NERC requires energy providers to perform daily tests and report their levels of protection; fines for violating these regulations can be up to $1 million per day, per offense. These entities spend hundreds of thousands or millions to stay up to date on NERC guidelines. The average power plant producing greater than 10 megawatts spends typically $250,000 per year minimum to maintain NERC and FERC regulations.
Most large utilities and independent power producers (IPP’s) use a remote central location to monitor and collect data from their plants. These remote connections are only being guarded by fancy firewalls and routers. Because of the high speed of the data required by command and control systems, none of them are encrypted. Many encryption companies are attempting to offer the next best solution, including services to scrub systems of malware, ransomware, and viruses. But this is not enough.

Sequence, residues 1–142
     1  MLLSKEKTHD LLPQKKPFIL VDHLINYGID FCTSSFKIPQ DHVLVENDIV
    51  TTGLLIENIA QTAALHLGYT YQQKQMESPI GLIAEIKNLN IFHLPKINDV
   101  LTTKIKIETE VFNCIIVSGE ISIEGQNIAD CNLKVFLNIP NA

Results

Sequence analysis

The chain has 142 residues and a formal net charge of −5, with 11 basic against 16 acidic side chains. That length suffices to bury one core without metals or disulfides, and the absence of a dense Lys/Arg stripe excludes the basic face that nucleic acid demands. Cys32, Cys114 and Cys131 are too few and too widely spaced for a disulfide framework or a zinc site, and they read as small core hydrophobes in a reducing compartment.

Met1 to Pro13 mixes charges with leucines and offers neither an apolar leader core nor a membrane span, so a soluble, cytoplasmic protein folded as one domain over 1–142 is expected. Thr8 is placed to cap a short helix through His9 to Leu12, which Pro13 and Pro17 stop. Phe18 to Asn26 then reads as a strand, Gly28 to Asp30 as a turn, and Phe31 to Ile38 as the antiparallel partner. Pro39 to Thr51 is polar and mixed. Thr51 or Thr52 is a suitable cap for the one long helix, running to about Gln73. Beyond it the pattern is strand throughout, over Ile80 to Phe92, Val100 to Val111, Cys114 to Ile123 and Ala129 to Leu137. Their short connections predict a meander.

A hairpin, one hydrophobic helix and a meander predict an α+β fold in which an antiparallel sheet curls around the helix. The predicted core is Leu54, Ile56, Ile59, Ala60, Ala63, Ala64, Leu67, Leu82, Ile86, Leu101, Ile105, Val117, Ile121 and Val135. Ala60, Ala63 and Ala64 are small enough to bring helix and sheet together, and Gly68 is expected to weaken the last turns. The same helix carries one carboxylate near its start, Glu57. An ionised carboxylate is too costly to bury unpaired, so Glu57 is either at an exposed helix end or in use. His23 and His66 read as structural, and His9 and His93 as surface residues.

The Solution: 0.06 Milliseconds.
Until now, the need for an extremely high encryption speed (less than 4 milliseconds) to protect the power grid’s command and control systems has not come close to being solved.
In July 2020, Encrypted Grid, LLC, successfully tested a patented encryption solution to protect the power grid at an extremely low latency of 0.06 milliseconds. The encryption is non-algebraic and happens at the binary level. Everything is secured; the binary encryption scheme creates its own ever-changing computer language using variable word lengths. Placed in stand-alone hardware units, the technology braids the encryption data as it passes through, eliminating backdoors and user errors that can occur on user-driven software programs.